As daughters pick up appropriateness first from their mothers, and mothers are among the gatekeepers of their daughters modesty, chastity and virtue (hopefully), teaching young girls to dress as if their lives and happiness depended on it, is a responsibility that women have both abandoned and subverted. (Gee, thanks a lot feminists. NOT!)
Having grown up on a pool deck and having taken ballet and gymnastics as a young girl, I will admit to not really thinking twice when some of the more scooped tops came out. But when shirts became downright slutty – something that is not acceptable, believe it or not, in competitive swimming where everyone learns to make a house kilt out of a towel very young and not just for warmth or ballet where we wore skirts or pants over leotards and tights when in public and sometimes in class – being more akin to lingerie than attire, and women were willingly participating in their own objectification, that was when being raised by women who drilled the concepts of how to dress came to mind.
To put it mildly, one of my grandmothers had simple, but elegant taste. Grandma knew just how to present herself with clothing and accessories and be in the first flush of fashion. For a farm girl, that was rare. My mother, normally a preppy, plain jane, was mentored a bit as a youngster by women who were from a “higher” social stratum on how to put herself together for functions that require something other than button down oxfords and khakis (the plain janishness is probably a rebellion against her mother’s fashion-philia, truthfully). When the occasion calls for it and she puts her mind to it, Mom can still dress quite well. She really can.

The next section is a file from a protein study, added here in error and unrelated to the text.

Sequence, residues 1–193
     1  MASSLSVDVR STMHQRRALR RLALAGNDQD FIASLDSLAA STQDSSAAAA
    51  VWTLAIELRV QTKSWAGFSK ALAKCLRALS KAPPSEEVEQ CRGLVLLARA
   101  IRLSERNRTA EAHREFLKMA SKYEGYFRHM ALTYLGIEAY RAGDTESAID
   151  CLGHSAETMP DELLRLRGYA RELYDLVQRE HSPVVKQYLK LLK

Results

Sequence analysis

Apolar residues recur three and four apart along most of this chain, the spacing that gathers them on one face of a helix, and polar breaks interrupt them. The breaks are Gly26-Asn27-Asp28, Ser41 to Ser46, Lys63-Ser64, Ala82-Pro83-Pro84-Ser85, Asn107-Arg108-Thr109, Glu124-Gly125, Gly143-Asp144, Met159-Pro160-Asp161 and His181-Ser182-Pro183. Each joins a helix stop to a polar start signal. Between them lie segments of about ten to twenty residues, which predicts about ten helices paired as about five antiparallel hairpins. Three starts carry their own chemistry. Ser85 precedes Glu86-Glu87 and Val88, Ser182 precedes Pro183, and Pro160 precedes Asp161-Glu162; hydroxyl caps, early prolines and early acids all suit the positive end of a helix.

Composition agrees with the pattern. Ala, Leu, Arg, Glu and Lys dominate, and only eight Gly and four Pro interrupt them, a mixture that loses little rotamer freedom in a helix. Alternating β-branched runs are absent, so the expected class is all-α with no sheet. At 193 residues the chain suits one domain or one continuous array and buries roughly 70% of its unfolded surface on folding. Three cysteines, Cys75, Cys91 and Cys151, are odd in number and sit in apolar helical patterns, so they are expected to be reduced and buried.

Mom, and her mother, never allowed my sister and I to truly have full reign over our wardrobes as kids. We were consulted, sort of, and usually overruled. (Even as an adult, my grandmother would look me over from head to toe to give her approval.) My sister has almost pure traditional Talbot’s taste, and I, well, gravitate toward diva. (I had to be tempered in wardrobe choices as a kid. Still have to watch it, actually.) Blouses with jumpers were not uncommon for us, and the colors always matched. Sailor dresses were a staple as were plain skirts and t-shirts. Our shoes were simple and went with everything. Both my sister and I had monogrammed sweaters in middle school and high school, and plaid is not a problem for us. Once we started buying our own clothing, we experimented a bit and have both settled into styles that are very different, but suit us, and are not walking advertisements for hot sex. Both of us have been complemented over the years that we never have to be corrected or “talked to” about our attire in the workplace or at church or social functions. More or less, this is because we were taught how to dress – and keep it up, unlike one of the silver foxes at church who insists on going sleeveless when she used to be a modicum for modesty.